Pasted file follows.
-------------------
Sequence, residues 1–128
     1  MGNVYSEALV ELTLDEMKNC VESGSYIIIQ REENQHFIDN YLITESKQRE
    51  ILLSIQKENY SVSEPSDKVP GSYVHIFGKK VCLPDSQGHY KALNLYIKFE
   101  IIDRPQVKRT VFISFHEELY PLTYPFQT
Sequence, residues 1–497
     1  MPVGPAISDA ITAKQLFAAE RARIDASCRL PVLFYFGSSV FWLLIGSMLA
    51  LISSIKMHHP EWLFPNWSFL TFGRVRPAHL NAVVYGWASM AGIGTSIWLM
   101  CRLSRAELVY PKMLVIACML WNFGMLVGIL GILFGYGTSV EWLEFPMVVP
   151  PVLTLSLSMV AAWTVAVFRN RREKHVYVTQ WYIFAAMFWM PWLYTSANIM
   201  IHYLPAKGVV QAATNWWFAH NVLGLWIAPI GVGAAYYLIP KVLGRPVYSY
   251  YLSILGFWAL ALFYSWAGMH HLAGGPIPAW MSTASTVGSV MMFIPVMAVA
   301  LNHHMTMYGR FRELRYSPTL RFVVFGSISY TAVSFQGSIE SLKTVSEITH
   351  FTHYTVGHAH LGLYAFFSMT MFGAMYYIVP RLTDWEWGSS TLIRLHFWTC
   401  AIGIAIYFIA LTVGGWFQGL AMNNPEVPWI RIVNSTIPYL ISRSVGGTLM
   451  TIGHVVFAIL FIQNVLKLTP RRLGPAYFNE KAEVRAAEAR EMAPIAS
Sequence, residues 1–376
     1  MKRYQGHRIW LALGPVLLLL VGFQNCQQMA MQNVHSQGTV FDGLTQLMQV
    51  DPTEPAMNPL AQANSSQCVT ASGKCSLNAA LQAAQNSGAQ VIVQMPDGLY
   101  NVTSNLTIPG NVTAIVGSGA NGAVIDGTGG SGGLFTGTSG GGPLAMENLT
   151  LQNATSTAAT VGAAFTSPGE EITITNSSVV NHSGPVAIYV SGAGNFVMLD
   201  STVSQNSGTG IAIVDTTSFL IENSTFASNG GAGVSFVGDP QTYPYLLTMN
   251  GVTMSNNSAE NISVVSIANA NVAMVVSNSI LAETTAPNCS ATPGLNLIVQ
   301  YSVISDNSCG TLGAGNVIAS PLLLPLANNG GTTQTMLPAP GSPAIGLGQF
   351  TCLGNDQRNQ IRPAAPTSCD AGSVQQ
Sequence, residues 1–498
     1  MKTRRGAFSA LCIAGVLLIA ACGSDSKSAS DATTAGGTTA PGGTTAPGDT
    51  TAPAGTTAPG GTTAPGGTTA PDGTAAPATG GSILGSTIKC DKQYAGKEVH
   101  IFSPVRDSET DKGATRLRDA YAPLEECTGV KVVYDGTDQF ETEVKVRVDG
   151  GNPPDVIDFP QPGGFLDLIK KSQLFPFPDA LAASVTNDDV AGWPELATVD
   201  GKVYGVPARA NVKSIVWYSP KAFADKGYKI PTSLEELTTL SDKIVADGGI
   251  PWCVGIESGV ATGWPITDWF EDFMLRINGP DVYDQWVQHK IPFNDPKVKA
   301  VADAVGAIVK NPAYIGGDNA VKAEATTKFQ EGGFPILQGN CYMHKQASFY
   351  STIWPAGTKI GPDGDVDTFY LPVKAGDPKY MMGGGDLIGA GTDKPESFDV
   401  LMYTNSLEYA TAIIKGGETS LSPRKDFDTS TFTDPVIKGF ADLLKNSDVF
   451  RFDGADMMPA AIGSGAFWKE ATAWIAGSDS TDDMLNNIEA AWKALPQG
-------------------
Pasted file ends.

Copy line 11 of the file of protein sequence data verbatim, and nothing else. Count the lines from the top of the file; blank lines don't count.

   251  YLSILGFWAL ALFYSWAGMH HLAGGPIPAW MSTASTVGSV MMFIPVMAVA